often the vague generalities of vendors’ support programs—we’ve come to
the conclusion that, if we were to be selling multifunctional products, Konica
is the company we would want supporting us in that endeavor. In addition to the
formal training that vendors typically provide, Konica offers a wide range of
resources to help its sales people. Particularly impressive is an internally
developed, interactive, Web-based presentation named SECcess. It serves as a
sophisticated “cheat sheet” which sales people can use to feel more
comfortable when initially presenting the concept of various solutions to
customers. This interactive presentation walks a salesperson through the
questions to ask and the choices available to present to a customer who might,
for example, have a minicomputer or mainframe and want to be able to print from
that host computer to their Konica 7075. SECcess provides clear,
easy-to-understand descriptions of applications like host printing, variable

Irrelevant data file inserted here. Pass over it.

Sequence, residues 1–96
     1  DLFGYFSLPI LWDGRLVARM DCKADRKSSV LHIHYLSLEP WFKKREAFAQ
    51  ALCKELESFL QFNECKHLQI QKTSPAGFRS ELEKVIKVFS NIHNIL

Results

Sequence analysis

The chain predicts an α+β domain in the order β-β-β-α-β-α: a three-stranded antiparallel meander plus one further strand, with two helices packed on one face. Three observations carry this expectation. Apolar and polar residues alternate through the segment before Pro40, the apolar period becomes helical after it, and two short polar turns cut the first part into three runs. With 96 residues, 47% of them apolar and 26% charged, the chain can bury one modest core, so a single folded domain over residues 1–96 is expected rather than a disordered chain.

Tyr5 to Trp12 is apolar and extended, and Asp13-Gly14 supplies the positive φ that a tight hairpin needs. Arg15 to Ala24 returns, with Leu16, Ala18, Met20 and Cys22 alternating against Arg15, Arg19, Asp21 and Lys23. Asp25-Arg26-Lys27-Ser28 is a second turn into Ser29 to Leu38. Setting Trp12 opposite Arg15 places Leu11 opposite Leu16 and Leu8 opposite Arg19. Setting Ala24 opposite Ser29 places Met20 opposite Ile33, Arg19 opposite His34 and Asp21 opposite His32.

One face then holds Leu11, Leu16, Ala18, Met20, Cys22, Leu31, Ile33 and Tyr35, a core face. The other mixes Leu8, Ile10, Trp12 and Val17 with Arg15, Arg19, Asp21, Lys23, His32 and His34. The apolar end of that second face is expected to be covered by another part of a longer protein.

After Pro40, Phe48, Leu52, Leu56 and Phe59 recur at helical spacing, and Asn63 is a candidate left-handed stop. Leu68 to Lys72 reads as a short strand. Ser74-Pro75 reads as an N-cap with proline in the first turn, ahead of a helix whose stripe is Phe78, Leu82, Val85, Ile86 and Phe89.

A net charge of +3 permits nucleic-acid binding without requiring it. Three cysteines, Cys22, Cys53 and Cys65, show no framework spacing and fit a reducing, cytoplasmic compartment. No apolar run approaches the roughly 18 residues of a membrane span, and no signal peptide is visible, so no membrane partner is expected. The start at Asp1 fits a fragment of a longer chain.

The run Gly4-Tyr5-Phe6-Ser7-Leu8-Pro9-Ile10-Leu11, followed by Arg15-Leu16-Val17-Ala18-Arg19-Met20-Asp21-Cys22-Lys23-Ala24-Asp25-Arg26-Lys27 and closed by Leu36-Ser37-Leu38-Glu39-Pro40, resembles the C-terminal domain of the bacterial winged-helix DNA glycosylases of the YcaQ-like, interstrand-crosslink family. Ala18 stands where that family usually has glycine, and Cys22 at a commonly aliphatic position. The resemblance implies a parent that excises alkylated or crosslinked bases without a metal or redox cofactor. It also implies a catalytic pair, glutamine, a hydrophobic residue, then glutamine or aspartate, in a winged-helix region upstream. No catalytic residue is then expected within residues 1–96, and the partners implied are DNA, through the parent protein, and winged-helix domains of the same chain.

data printing and forms printing, making it a great study aid. It has links to
white papers on Konica’s Web site for more detailed information on various
solutions and software products, which can also be printed out and left with the
customer. Another internally developed application, SmartSearch; allows sales
representatives to submit questions about Konica products or solutions. If an
answer is already in the system it will be automatically e-mailed to the person
who made the inquiry. If not, the question will be intelligently routed to the
product manager responsible for that product. The answer then becomes part of
the database for use for future inquiries. While this application was originally
developed for use within Konica, Konica includes it among the arsenal of
solutions it can offer to customers.


Support To Approach 100

the area of color, the company has just published a Color Success Guide.
It is a complete instructional guide for dealers on establishing a successful
color business. Konica has even reconfigured its competitive digital lab in
Chicago as a color lab equipped with competitive color copier/printers as well
as Macintosh computers and Fiery controllers. It is designed for dealer sales
representatives to get hands-on experience with competitive color models.